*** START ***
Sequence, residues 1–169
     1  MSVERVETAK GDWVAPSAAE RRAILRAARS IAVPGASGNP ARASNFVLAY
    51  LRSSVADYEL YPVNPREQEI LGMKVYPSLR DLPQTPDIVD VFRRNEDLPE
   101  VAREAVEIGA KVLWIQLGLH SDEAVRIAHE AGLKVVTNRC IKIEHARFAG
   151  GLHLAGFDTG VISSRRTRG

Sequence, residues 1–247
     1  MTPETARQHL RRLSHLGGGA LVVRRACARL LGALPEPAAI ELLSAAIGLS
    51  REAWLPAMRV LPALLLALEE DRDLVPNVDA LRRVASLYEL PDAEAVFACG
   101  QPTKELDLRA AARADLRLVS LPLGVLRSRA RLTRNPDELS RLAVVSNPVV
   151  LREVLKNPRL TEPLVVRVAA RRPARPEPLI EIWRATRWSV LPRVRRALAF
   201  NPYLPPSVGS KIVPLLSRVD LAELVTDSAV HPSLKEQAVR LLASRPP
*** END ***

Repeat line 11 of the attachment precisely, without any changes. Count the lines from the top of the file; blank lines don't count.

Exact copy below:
   201  NPYLPPSVGS KIVPLLSRVD LAELVTDSAV HPSLKEQAVR LLASRPP